Pincushion flower

Pincushion Flower
Plant Type
Sunlight Amount

Pincushion Flower

These long-blooming perennials—and in some cases, annuals—have long been prized for their old-fashioned charm and versatility. They get their name from their interesting flowers that resemble little pincushions. Their ability to bloom from spring until frost makes them a must in any garden, especially for their use as a cut flower. Because their overall habit is fairly short, pincushion flowers can work well in the front of the border or mixed in with other plants. For the most dramatic effect, plant them en masse to see the blooms dancing in the garden.

genus name
  • Scabiosa
  • Sun
plant type
  • 6 to 12 inches
  • 1 to 3 feet
  • 9 to 24 inches
flower color
foliage color
season features
problem solvers
special features
  • 3
  • 4
  • 5
  • 6
  • 7
  • 8
  • 9
  • 10
  • 11

Colorful Combinations

This lovely perennial makes a great companion to many garden plants. Most commonly, the beautiful pincushion flower is found in lovely shades of sky blue, but keep an eye out for black-purple, shades of lilac, and pinks and white. Since these soft tones work well with so many different plants, it's easy to find a spot in any garden for pincushion flower. The foliage of pincushion flower is also fairly unobtrusive, forming a nice mat of growth with lightly dissected foliage that works well as a backdrop for this beautiful flower.

Pincushion Flower Care Must-Knows

The easy elegance of the pincushion flower is matched in its equally easy growth requirements. Pincushion flowers grow best in well-drained soils and are fairly tolerant of drought. Heavy, wet soils can be the death of pincushion flowers, even if they seem fine during the growing season. If your area has issues with wet soils during the winter, you may want to treat pincushion as an annual.

For the best blooms, give pincushion flowers full sun. They can tolerate part sun, especially in the heat of the south, but will definitely perform best in full sun. In anything less, there is a possibility of powdery mildew, which isn't fatal, but is something to keep an eye out for. In part sun, the flower stalks can also become more stretched and may flop, so plant them around taller plants that they can lean on, if needed.

Because these plants are such prolific bloomers, cutting back old blooms can encourage continued blooms. Some pincushion flowers can seed about politely in the garden, nothing invasive, so you may find an errant seedling or two appear in your garden beds. Keep in mind that if you planted a named variety, these seedlings will not be quite the same as their parents.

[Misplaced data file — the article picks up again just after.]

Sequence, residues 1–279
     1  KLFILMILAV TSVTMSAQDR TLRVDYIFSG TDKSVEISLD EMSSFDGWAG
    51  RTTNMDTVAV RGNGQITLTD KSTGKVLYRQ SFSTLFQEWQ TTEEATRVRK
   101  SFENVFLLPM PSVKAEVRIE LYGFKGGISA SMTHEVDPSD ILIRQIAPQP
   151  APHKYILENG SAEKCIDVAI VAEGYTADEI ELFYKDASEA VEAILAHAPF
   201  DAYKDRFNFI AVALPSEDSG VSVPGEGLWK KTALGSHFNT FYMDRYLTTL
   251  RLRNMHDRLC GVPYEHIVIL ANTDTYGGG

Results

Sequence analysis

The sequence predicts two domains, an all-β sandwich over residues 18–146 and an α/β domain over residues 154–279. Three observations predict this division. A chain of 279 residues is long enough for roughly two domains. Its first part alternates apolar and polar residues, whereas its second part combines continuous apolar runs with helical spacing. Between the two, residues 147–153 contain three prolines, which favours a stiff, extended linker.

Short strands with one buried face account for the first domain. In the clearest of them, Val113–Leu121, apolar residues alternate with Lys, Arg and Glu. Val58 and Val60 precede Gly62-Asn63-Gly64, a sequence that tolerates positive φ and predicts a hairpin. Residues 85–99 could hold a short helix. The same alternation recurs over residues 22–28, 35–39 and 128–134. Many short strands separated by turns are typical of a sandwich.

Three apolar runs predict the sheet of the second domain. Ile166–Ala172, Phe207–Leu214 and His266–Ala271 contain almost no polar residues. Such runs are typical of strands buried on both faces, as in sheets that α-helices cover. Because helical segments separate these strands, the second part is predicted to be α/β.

New Innovations

Despite all of the wonderful attributes of these plants, they have had little work done with them. Part of this may be because of the already exceptional nature of the plants. Most of the work has been on making more dwarf plants and increasing the color variability. Some varieties have come out with beautiful reds, pinks, and even soft apricots. Some have been bred especially for the cut flower industry, looking for larger blooms on long stalks.

Garden Plans For Pincushion flower

Summer Sorbet Garden Plan

More Varieties of Pincushion Flower

Butterfly Blue pincushion flower


Scabiosa 'Butterfly Blue' blooms all summer with lavender-blue flowers on 16-inch-tall stems. Zones 3-8

Pincushion flower


Scabiosa caucasica bears flat, 2-inch-wide flowerheads with pincushion-like central florets surrounded by larger petal-like florets in pale blues, pinks, and white. These are carried on 2-feet-tall stems. Zones 4-9

Pink Mist pincushion flower


The compact perennial Scabiosa 'Pink Mist' has airy blooms of light pink from April until frost. Zones 5-9

Plant Pincushion Flower With:


Phlox is a bounteous summer flower that any large sunny flowerbed or border shouldn't be without. There are several different kinds of phlox. Garden and meadow phlox produce large panicles of fragrant flowers in a wide assortment of colors. They also add height, heft, and charm to a border. Low-growing wild Sweet William, moss pinks, and creeping phlox are effective as groundcovers, at the front of the border, and as rock and wild garden plants, especially in light shade. These native gems have been hybridized extensively, especially to toughen the foliage against mildew problems; many recent selections are mildew-resistant. Phlox need amply moist soil for best overall health.

Veronica 'Purplicious'

Easy and undemanding, veronicas catch the eye in sunny gardens over many months. Some have mats with loose clusters of saucer-shape flowers, while others group their star or tubular flowers into erect tight spikes. A few veronicas bring elusive blue to the garden, but more often the flowers are purplish or violet blue, rosy pink, or white. Provide full sun and average well-drained soil. Regular deadheading extends bloom time.

Firewitch cheddar pinks

The quintessential cottage flower, pinks are treasured for their grasslike blue-green foliage and abundant starry flowers, which are often spicily fragrant. Depending on the type of pink, flowers appear in spring or summer and tend to be pink, red, white, rose, or lavender, but come in nearly all shades except true blue. Plants range from tiny creeping groundcovers to 30-inch-tall cut flowers, which are a favorite with florists. Foliage is blue-green. Shown above: 'Firewitch' dianthus


One of the longest bloomers in the garden, coreopsis produces (usually) sunny yellow daisylike flowers that attract butterflies. Coreopsis, depending on the variety, also bears golden-yellow, pale yellow, pink, or bicolor flowers. It will bloom from early to midsummer or longer as long as it's deadheaded.


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